Body weights were measured prior to the first treatment and weekly thereafter. Mated females were weighed on days 0, 7, 14, and 20 of gestation and on days 1 and 4 post-partum.

FOOD CONSUMPTION
Per cage of animals, food consumption was determined weekly during the pre-mating period. For mated females, food intake was recorded for days 0-4, 4-7, 7-10, 10-14, 14-17, and 17-20 of gestation and on days 1-4 post-partum.

LITTER DATA: Yes
For each female that littered the following were recorded: date of mating, date of parturition, duration of gestation, any abnormal behaviour. The following data were recorded for each litter: pup numbers (live and dead), number and sex of live pups recorded daily and reported for days 1 and 4 post-partum, clinical condition of pups on days 1-4 post-partum, individual pup weights on days 1 and 4, necropsy findings of dead pups.

Oestrous cyclicity (parental animals):
The stage of oestrus cycle was recorded when positive evidence of mating was seen.
Litter observations:
STANDARDISATION OF LITTERS - no

PARAMETERS EXAMINED
The following parameters were examined in F1 offspring: number and sex of pups, stillbirths, clinical condition, individual pup weights

GROSS EXAMINATION OF DEAD PUPS: yes
Postmortem examinations (parental animals):
At necropsy, all parental animals were subjected to macroscopic examination for structural or pathological changes. For each parental female, the numbers of corpora lutea and implantation sites were recorded. Blood samples were taken from all parental animals. 20 tissues were fixed and retained in 10% neutral buffered formalin. Histopathological examination of the ovaries, testes and epididymides of the control and high dose group were conducted using light microscopy.
Postmortem examinations (offspring):
F1 pups were examined externally only.
Statistics:
Body weights, body weight gains, and food intake were analyzed by analysis of variance. To test for equality of variances between groups, Levene's test was performed. Dunnett's test was used to compare each group and control. Regression analysis was performed for dose-response. Non-parametric analysis was used to evaluate the number of implantation sites, number of pups born, % male pups on days 1 and 4, post-implantation survival index, mean pup weights on days 1 and 4 and % weight change on days 1 and 4. This included Kruskall-Wallis analysis together with the protected Wilcoxon Rank Sum test for each treated group against control. The Terpstra-Jonckheere test for dose response was also performed. The Cochran-Armitage test for dose-response between groups and Fisher-Irwin tests for pairwise comparisons between control and treated groups were performed where data included a high proportion of tied values. This included mating index, mean duration of gestation, pup deaths on days 0-1, and 1-4, live birth index and viability index. Group values for fertility, fecundity, number of females with live pups at day 4, and gestation index were identical and therefore were not analyzed.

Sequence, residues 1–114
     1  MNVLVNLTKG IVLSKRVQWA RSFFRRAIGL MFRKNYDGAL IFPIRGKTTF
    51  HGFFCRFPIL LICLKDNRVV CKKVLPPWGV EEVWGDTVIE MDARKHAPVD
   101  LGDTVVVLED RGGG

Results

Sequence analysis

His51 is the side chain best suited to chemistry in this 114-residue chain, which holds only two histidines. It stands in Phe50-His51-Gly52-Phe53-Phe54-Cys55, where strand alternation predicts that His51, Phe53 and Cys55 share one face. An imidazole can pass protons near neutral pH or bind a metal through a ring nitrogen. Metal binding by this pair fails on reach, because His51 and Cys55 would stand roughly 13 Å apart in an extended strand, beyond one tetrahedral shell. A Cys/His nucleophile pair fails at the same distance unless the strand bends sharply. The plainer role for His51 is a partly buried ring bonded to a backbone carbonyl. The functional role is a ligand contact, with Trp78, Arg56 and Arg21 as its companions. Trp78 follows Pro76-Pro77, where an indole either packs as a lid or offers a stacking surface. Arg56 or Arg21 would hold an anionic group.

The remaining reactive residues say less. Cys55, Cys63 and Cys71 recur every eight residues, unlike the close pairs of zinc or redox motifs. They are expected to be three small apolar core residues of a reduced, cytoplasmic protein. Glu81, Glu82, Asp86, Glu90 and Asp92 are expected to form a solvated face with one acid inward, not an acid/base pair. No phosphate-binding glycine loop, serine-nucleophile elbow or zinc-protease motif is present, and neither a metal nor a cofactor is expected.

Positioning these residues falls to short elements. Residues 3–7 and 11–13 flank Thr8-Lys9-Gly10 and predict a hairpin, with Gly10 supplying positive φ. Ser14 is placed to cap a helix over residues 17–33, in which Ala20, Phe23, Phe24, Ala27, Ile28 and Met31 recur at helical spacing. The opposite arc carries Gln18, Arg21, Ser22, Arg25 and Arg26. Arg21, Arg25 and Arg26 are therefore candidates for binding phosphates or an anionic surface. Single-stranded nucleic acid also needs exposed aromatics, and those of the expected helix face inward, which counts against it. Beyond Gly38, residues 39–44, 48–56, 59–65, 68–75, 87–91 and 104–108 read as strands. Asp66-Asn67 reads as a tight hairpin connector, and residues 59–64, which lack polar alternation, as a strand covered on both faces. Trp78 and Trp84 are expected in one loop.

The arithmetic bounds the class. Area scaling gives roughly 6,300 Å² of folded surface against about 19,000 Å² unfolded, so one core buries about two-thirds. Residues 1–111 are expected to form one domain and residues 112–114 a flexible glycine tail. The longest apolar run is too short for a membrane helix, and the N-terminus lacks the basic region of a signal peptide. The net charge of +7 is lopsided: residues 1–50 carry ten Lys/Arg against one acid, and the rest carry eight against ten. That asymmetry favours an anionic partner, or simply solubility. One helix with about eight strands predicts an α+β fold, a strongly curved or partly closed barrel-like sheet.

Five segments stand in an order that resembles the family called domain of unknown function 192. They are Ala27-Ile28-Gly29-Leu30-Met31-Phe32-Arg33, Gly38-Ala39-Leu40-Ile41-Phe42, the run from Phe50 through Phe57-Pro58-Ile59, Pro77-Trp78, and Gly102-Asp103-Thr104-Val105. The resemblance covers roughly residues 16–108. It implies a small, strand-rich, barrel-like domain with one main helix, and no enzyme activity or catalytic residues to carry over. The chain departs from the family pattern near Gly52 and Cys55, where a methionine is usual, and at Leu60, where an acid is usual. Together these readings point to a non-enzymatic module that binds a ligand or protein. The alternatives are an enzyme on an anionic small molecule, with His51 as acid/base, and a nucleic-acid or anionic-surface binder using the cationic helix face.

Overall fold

Reproductive indices:
Reproductive function was evaluated by calculation of mating index, female and male fecundity index, and female and male fertility index. In addition, the gestation index, post implantation survival index, live birth index, viability index and % male pups were calculated.
Clinical signs:
no effects observed
Body weight and weight changes:
no effects observed
Food consumption and compound intake (if feeding study):
no effects observed
Organ weight findings including organ / body weight ratios:
not examined
Histopathological findings: non-neoplastic:
no effects observed
Reproductive function: oestrous cycle:
no effects observed
Reproductive function: sperm measures:
not examined
Reproductive performance:
no effects observed
CLINICAL SIGNS AND MORTALITY (PARENTAL ANIMALS): No deaths were observed that were attributable to treatment. 
Clinical observations did not indicate an adverse effect of treatment.  Observations included minor changes such as swollen ears, damaged or missing tip of tail or ear, sores and lesions chromodacryorrhoea, hair loss, etc. Of note, several females in all groups during the latter half of the gestation period showed a red discharge from the vulva which was attributed to the restraint method preventing normal grooming behaviours. 

BODY WEIGHT (PARENTAL ANIMALS): In females (early gestation, days 0-7) from the low dose group only, a significant increase in body weight was observed as compared to controls. Group Mean Body weight: 282 and 287g for controls and 200 ppm respectively. Treatment was not seen to adversely affect body weight gain of males or females pre-mating, during gestation or lactation at any of the doses.